The museums hadn’t been open even a week, and I booked my annual National Museum Pass. I launched my the art-viewing year at the Palazzo Altemps. After nine or more months of confinement, the prospect of seeing beauty and venturing beyond my immediate “zona” filled my soul. I called on my friend Teresa – a history tour guide – to join me, and she, too leapt at the opportunity.
We went into the Alberto Savinio show with open minds and sincere curiosity – beyond a sort of hunger for visual nourishment. I hadn’t known of the artist before, but trusted that whatever I found would be a welcome respite from, well, the four walls of my own studio! In the opening text, I learned that Savinio’s brother was the more famous one: Giorgio de Chirico, and already I was intrigued.
The show transported us backwards and forwards in time, in essence suspending time altogether. The beauty of any exhibit at this magnificent historical site, is that the works are interspersed with the museum’s collection of ancient Greek, Roman and even Egyptian sculptures. The curation in this space can be playful and provide often witty pairings at every turn. My companion sprinkled historical anecdotes throughout our chatting, getting current with one another while taking in the ambience.
What struck me about Savinio were his luminous colors and fantastical ‘scapes. He seemed to peer from the 1920s straight into our time, with quasi-fluorescent hues of pink and blue – caught between worlds, even. A series depicting configurations of toys against naturalist backdrops provided an almost eerie, out-of-time sequence. I found myself pleasantly immersed in a surrealistic, yet somehow attainable, atmosphere. These dreamlike paintings were the perfect reflection on our own bizarre times, where all of our worlds are converging within screens and zooms.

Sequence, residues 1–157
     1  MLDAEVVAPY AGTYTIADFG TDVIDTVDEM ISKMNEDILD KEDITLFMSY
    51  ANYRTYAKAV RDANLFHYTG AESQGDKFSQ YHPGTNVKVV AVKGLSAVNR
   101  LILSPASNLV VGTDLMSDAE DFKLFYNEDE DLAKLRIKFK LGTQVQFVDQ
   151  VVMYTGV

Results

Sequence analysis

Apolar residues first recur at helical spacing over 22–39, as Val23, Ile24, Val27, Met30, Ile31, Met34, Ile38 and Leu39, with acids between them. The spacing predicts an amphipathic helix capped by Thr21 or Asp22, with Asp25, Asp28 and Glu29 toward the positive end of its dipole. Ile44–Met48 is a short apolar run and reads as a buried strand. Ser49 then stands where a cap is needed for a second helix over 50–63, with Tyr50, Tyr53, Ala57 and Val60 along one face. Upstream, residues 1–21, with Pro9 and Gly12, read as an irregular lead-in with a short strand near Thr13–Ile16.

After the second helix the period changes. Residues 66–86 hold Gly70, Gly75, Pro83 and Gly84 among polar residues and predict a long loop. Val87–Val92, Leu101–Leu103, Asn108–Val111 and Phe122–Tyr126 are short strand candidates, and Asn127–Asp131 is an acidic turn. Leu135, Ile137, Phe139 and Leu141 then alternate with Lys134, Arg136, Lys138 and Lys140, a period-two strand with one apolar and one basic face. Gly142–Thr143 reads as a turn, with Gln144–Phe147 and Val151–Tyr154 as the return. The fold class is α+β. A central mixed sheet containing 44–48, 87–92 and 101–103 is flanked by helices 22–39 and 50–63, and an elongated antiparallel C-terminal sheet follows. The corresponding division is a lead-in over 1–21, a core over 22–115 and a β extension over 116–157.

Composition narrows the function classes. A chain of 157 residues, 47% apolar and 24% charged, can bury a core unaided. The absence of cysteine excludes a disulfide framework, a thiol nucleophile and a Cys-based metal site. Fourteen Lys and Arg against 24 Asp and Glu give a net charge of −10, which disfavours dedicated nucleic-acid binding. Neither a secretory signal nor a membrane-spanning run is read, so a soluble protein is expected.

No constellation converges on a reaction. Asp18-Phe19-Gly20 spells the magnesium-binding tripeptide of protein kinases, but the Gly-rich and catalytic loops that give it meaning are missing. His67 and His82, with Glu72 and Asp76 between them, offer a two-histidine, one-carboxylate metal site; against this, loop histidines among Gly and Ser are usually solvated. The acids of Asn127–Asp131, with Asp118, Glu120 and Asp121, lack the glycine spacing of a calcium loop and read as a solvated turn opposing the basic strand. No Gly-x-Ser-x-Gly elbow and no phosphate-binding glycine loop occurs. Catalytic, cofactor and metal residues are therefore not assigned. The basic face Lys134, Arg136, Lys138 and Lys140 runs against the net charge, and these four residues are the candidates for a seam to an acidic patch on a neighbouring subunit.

The artist was multidimensional: from paintings to drawings to set and costume designs, he expressed a jarring mix of aesthetics. At once he looked backwards and forwards in visual ideas. And while we traversed the Palazzo halls, taking in Savinio’s art along with classical sculpture, we felt as if we were doing the same.
Now with this beautiful museum card in hand, I will be heading to soak in more museum beauty… safely.